The Importance of Storytelling When Communicating Compliance

Oct 5, 2020

In this show, we discuss Ronnie’s new offering Tales from the Hotline. We discuss its genesis and creation, how it is different than any other type of training and how you can use it going forward.


Tom Fox

Ronnie Feldmen


60-Second Communication & Awareness Shorts
A variety of short, customizable, quick-hitter “commercials” including songs & jingles, video shorts, newsletter graphics & Gifs, and more. Promote integrity, compliance, the Code, the helpline and the E&C team as helpful advisors and coaches.

Workplace Tonight Show! Micro-learning
A library of 1-10-minute trainings and communications wrapped in the style of a late-night variety show, that explains corporate risk topics and why employees should care.

Custom Live & Digital Programing
We’ll develop programming that fits your culture and balances the seriousness of the subject matter with a more engaging delivery.

Tales from the Hotline
Fast, fun case studies about workplace behavior gone wrong, brought to life by comedians and storytellers.

About This Episode

Some of the highlights include:

  • Why use storytelling in Compliance Training and Communication?
    • It’s so flexible it can be used to address so many different difficult hard-to-get-at subjects. It’s great for engaging employees about ethics & compliance & we used it to create a series that talks about different risk areas, retaliation, the hotline and the importance of speaking up.
    • Good stories are filled with
      • Interesting characters;
      • heroes and villains, protagonists and antagonists;
      • There’s typically a conflict;
      • There is often suspense;
      • You can weave in lots of interesting imagery, twists and turns.
        • You can jump back and forth in time
        • You can drop in asides and metaphors
      • Ethics and compliance community has tons of stories about all the interesting ways their employees have screwed up. On the one hand it is kind of tragic, but also wildly entertaining.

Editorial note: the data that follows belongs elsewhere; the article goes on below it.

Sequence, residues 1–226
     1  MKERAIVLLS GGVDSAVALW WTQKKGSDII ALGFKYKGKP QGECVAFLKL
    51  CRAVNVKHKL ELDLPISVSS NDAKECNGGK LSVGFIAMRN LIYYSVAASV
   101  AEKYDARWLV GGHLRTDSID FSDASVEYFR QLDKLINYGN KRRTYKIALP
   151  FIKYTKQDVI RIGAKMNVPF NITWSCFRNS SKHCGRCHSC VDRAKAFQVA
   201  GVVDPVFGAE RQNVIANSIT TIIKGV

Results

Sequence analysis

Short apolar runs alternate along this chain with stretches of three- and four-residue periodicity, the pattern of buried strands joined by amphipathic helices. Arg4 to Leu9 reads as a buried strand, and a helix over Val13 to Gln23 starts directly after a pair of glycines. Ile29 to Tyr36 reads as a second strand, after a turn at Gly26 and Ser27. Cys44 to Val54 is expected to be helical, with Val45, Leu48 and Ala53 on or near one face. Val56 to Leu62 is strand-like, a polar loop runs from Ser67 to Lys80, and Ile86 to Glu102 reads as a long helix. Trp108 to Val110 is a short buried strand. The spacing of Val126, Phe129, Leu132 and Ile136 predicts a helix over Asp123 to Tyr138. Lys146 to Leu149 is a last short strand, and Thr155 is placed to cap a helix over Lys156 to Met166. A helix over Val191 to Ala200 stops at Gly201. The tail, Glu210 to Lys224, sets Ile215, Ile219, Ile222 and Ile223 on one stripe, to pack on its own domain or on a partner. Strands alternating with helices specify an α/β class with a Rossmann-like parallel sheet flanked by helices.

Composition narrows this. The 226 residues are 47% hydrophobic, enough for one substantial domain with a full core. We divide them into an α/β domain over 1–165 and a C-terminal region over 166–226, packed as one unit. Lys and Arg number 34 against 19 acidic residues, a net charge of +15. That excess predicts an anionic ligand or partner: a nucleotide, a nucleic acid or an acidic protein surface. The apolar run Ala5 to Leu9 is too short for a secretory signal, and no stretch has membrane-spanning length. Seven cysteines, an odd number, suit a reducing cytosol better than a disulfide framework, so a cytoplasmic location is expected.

• Is there any behavioral science behind this as a learning technique?
      • Harvard Business Review Article
        • Builds familiarity and trust and opens up the person to learning;
        • Emotional connects – so they’re easier to remember;
        • Allows for lots of nuance- it allows you to share all the interesting; details, excuses, and nuances of the issue;
        • Efficient – it’s an economical way to convey complex ideas.
      • Engage learners of different types
        • Visual Learners – mental pictures that are created;
        • Auditory Learners – focus on listening to the narrators voice;
        • Kinesthetic Learners – focus on the emotion and feelings from the story.
      • E&C professionals have all these stories, they can/should be sharing them?
        • I’ve found that the companies that share Real Stories have the most engagement. It’s always the most popular thing because people love the gossip. They love to know what’s really going on. It’s intriguing.
          • Use real stories from the news to teach – Phil Mickelson, Whistleblower, Corruption;
          • Use stories from your own company, but change the details;
          • Tales – we’re using real stories from lots of different companies and sharing those.
        • There are some companies that have started sharing statistics of all the bad shit that has gone down in their company. They don’t hide it. They list in the aggregate how many cases of fraud, corruption, etc. and what was done about it.
      • What are some examples?
        • Story about Discrimination involving a woman’s hair;
        • Story about a Transgender employee who was being mistreated;
        • Story about a group of sales execs that took a prospect on Safari;
        • Stories about conflicts, privacy, corruption, fraud, etc.
        • Last but not least, this style is less expensive to make and covers more ground than scenario based videos.

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Improv Training and the Benefits For Ethics & Compliance

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